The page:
Win a case of Great Bardfield wine

Great Bardfield Vineyard

Great Bardfield Vineyard - Credit: Archant

In English Wine Week, ANGELA SINGER raises a glass to the award-winning Bardfield Vineyard on the Great Lodge Estate in Great Bardfield which on Bank Holiday Monday is holding an open day with wine tasting and teas.

Bardfield Vineyard

Bardfield Vineyard - Credit: Archant

In the torrential rain, Rebecca Jordan and Claire Kohlis, both qualified solicitors, who at some point decided they no longer wanted to work indoors, were out in an open field, as part of a team, bent double, planting 750 grape vines. Claire is the vineyard’s manager and Rebecca owns it.

No doubt, the results will win them even more English wine awards but that won’t have made the work any drier.

On a sunny day, the vineyard is beautiful. As a venue for weddings, it’s booked up until 2017 and it has a long-standing connection with marriage. When King Henry VIII said “cheers” to Anne of Cleves, his fourth wife, the only one of his six spouses to manage an amicable separation from the monstrous monarch, he gave her the Great Lodge estate as part of the annulment settlement.

The estate still has the Anne of Cleve’s barn built in 1540. Now Grade 1-listed, it is used to stage operas, as well as for weddings and wine-tastings. It’s next to the award-winning vineyard and an historic walled garden.

Bardfield Vineyard

Bardfield Vineyard - Credit: Archant

In 1989, when Alan Jordan, Rebecca’s father, decided to plant his vineyard, Anne of Cleves was his inspiration. He said: “When I was considering the possibility of planting a vineyard, my research found that I was following in her footsteps. When I found that she had a vineyard on the site that made me even more determined to go ahead with the venture.”

He planted just over an acre of vines on a south-facing gentle slope, part of the land which had been farmed by his family for over a century and which he has now worked on for 60 years. Since the soil and climate were said to be similar to that of the Alsace region of France he put in the Bacchus and the Reichensteiner grape on his 1,000-acre arable farm.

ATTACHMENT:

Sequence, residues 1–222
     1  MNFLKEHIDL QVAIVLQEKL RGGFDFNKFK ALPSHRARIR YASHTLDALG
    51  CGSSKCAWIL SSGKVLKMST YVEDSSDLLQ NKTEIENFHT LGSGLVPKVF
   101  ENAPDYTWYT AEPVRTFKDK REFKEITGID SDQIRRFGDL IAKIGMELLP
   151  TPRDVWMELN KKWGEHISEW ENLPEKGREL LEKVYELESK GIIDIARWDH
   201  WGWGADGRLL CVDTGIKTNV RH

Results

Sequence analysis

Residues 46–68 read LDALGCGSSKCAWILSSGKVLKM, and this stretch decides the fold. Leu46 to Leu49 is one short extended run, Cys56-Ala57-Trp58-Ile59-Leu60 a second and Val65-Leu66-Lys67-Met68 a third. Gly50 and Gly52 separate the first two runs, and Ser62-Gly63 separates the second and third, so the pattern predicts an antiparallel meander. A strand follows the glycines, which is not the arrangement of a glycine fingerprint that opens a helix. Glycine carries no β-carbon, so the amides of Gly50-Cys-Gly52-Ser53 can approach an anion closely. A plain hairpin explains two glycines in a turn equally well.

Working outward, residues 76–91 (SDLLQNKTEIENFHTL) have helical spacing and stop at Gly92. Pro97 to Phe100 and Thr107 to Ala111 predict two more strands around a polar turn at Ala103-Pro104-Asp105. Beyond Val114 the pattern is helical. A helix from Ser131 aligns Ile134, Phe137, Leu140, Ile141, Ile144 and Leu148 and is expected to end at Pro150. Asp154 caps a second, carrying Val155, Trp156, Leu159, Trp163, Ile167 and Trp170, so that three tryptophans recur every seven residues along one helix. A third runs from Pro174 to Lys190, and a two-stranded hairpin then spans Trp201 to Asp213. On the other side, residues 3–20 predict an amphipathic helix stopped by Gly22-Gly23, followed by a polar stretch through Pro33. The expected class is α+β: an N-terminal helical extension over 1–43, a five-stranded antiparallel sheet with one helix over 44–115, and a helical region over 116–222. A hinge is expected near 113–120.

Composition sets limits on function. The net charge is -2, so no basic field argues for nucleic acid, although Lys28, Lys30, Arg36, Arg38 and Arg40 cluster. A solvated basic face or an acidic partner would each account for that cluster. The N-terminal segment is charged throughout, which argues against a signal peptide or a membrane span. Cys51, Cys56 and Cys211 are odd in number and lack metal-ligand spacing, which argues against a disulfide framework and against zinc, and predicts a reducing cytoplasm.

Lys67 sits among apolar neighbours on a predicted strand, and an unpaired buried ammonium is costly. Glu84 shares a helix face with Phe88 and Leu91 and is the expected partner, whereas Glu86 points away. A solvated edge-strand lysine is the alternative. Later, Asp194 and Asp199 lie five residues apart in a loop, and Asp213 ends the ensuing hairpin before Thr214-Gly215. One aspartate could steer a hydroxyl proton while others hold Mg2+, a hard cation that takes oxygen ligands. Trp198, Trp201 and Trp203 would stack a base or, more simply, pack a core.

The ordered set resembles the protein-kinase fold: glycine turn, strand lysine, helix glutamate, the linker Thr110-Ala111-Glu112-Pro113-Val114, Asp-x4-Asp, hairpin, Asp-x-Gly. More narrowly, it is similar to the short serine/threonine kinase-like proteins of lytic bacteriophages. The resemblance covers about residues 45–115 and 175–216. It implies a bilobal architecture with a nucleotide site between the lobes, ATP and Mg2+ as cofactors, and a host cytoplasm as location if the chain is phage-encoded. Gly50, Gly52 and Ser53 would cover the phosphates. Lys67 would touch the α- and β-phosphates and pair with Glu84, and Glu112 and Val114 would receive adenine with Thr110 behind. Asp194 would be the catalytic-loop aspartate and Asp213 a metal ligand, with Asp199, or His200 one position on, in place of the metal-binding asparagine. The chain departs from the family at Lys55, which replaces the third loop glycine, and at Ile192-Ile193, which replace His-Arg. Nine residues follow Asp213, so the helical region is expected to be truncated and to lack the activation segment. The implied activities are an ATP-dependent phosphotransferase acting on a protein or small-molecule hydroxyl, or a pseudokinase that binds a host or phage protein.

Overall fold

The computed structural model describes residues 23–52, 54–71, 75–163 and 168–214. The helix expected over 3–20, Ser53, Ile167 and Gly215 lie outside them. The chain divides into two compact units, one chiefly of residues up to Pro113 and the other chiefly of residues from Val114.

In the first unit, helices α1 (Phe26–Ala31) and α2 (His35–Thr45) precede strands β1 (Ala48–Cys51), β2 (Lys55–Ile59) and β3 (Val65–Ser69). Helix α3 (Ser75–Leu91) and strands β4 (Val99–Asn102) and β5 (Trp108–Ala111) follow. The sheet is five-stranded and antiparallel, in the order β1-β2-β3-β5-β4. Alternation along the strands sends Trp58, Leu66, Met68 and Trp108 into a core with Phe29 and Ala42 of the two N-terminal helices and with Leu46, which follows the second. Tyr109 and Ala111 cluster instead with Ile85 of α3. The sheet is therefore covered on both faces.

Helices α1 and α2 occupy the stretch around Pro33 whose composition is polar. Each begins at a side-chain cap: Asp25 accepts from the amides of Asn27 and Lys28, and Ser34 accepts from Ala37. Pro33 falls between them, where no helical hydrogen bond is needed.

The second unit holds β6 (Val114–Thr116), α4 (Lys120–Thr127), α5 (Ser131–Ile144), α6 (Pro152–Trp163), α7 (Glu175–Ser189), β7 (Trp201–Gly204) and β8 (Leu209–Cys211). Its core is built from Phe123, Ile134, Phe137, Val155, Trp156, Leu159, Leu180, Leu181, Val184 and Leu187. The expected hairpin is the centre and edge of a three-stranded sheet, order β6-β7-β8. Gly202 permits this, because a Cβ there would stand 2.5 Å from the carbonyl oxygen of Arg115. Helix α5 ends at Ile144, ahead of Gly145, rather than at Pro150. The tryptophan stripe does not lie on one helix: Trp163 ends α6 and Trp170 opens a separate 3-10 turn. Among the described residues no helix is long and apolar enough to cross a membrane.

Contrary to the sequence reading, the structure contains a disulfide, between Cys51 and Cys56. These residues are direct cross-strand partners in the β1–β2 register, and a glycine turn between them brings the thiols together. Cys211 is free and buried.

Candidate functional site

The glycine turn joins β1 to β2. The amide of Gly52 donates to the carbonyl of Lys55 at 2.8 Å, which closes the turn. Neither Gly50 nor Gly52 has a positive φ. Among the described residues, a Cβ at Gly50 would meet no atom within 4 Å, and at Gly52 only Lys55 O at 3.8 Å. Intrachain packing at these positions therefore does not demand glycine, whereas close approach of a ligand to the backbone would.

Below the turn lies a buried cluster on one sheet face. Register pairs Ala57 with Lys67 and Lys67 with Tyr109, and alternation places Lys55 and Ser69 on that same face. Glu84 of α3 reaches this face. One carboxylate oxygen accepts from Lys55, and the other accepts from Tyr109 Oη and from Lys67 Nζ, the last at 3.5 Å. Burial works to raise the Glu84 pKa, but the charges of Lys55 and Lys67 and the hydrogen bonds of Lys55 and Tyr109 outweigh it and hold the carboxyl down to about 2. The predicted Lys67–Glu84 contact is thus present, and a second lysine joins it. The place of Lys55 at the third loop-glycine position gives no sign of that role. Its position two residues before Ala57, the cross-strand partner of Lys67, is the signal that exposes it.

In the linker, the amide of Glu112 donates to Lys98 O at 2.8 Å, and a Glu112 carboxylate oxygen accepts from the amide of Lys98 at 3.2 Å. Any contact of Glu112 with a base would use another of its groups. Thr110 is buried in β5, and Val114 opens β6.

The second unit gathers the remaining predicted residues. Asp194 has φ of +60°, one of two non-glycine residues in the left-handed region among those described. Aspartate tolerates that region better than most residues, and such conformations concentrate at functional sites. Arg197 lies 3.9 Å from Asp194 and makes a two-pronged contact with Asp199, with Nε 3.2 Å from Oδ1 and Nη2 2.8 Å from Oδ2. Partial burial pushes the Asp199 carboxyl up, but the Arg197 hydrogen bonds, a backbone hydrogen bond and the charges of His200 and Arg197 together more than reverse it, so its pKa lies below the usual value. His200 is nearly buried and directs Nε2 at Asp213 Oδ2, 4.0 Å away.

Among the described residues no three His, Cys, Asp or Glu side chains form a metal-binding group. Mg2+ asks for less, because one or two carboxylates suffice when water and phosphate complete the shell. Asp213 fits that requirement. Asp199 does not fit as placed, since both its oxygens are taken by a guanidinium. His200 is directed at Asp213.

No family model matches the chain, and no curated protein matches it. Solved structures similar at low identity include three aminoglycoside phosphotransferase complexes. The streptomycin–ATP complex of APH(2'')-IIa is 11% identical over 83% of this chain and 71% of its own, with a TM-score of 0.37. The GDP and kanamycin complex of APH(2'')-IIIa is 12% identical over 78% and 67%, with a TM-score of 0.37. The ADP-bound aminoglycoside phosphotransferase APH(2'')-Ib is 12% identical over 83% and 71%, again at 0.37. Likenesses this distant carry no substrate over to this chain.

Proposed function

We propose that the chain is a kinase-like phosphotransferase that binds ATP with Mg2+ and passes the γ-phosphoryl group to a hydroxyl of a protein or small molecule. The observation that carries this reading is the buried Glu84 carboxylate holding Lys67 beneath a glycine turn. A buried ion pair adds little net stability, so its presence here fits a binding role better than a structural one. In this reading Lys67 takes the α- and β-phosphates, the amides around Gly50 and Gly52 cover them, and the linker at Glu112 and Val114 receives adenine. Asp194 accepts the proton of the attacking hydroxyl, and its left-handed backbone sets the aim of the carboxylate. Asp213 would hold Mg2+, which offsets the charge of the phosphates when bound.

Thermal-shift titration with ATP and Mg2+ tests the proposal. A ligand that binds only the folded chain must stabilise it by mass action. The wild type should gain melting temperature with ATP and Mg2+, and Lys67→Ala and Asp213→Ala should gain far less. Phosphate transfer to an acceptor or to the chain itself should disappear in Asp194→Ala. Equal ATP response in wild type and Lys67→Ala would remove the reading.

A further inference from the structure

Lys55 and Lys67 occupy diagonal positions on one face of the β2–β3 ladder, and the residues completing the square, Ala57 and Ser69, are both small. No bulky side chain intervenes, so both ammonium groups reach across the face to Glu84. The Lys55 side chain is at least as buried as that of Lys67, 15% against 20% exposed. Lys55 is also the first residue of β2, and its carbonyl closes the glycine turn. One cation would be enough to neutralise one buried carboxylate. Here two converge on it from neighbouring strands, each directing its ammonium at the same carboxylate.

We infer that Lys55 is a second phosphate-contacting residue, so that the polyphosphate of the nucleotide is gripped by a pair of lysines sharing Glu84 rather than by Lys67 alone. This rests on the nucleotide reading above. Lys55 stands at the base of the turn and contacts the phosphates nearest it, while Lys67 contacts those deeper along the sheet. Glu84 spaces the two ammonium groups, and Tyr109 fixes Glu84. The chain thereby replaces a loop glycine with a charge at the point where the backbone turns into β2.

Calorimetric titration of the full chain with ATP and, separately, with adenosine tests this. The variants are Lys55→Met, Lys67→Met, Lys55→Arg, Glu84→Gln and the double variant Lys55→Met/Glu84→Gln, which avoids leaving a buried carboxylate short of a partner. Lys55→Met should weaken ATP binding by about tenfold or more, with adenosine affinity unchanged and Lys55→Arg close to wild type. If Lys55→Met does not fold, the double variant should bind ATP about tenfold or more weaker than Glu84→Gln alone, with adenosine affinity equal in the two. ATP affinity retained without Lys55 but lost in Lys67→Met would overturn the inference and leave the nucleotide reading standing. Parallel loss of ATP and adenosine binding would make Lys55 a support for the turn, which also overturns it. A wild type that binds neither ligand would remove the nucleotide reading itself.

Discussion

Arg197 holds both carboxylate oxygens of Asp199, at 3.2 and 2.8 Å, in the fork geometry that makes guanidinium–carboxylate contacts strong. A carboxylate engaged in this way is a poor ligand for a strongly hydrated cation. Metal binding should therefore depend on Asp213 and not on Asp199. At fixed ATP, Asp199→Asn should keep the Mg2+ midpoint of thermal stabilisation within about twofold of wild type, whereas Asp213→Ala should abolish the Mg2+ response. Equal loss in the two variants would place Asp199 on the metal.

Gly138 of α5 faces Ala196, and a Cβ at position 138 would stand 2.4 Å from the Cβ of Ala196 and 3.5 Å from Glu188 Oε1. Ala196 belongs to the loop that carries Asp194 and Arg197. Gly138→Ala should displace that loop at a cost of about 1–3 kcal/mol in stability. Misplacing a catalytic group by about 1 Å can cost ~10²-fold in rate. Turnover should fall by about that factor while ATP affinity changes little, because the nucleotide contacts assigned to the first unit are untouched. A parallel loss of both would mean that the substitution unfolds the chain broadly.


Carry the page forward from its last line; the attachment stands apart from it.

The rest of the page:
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The results have gone down extremely well. In 1998, the Bardfield Dry 1996 vintage won the East Anglian Wine of the Year Award. Last year, two more of their white wines, the Bardfield Bacchus 2013 and the Anne of Cleves Bacchus 2013, won the East Anglian Vineyard Association’s silver medals. The vineyard is about to expand its range with the 750 vines of pinot noir put in this week.

Though English wine has bubbled up in popularity in the past 10 years, it was produced by the Romans. Just as in Roman times, the vines are planted by hand, pruned by hand and picked by hand.

In many ways, it is just as difficult now as it was then. A late frost can damage the grapes. One of the solutions to that is as old as the hills. You light a bonfire to move the air -– in New Zealand they fly helicopters over the vines. Even more disastrous can be wildlife. Claire said: “The main problem last harvest was that badgers ate half the grapes. It was pretty devastating.”

She added that it did show that the grapes were good and sweet, but that can hardly have been a consolation.

Claire said: “The badgers always eat the end rows near the set but last year they came further in. It shows the grapes were really good, they had high sugar levels.”

The badgers come out during the dark. The UK Vineyard Association Forum suggests various methods to combat the problem, including leaving lights and a radio on at night – so a bit like the methods you might use to deter any burglars.

Claire said: “If the worse comes to the worse, in the last fortnight before harvest I shall be sleeping here in a tent.”

The wine is not made on site. After the grapes are picked in October, they are sent to New Hall Vineyard in Maldon, Essex.

It is just by chance that both Claire and Rebecca are former lawyers. Claire, 33, who worked as a lawyer in London and Dublin for five years, retrained in horticulture at Capel Manor in Enfield and worked in a vineyard in New Zealand.

Claire could be, as it were, part of a growing trend. Rebecca said: “There are now training schemes for women choosing horticulture as a second career, run by the Women’s Farm and Education Association which has its roots in the Women’s Land Army.” If the law was too dry, certainly on Monday, it could not be claimed for the vineyard.

Bardfield wines are sold direct to the public and are also on sale at The Blue Egg café and shop in Great Bardfield and The Star Restaurant in Thaxted.